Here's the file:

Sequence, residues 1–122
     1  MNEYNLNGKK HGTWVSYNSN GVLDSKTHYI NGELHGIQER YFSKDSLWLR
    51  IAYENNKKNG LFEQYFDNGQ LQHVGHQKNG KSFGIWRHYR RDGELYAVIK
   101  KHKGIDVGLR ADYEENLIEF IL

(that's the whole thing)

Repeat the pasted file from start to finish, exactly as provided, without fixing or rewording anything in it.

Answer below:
Sequence, residues 1–122
     1  MNEYNLNGKK HGTWVSYNSN GVLDSKTHYI NGELHGIQER YFSKDSLWLR
    51  IAYENNKKNG LFEQYFDNGQ LQHVGHQKNG KSFGIWRHYR RDGELYAVIK
   101  KHKGIDVGLR ADYEENLIEF IL